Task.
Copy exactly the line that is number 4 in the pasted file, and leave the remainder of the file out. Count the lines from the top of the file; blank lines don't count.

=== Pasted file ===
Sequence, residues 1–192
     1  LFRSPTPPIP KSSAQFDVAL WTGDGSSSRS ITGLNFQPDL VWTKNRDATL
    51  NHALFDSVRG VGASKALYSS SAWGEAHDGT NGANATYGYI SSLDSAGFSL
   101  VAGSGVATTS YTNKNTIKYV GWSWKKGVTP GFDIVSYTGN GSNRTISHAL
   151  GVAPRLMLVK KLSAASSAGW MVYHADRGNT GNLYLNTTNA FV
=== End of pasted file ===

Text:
   101  VAGSGVATTS YTNKNTIKYV GWSWKKGVTP GFDIVSYTGN GSNRTISHAL